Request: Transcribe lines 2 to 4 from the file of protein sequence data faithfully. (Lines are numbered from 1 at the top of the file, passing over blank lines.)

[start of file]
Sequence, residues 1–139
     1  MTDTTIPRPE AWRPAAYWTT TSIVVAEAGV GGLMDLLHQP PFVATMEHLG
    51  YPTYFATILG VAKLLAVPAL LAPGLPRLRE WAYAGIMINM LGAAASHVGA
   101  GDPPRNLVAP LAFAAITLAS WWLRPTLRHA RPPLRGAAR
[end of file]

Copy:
     1  MTDTTIPRPE AWRPAAYWTT TSIVVAEAGV GGLMDLLHQP PFVATMEHLG
    51  YPTYFATILG VAKLLAVPAL LAPGLPRLRE WAYAGIMINM LGAAASHVGA
   101  GDPPRNLVAP LAFAAITLAS WWLRPTLRHA RPPLRGAAR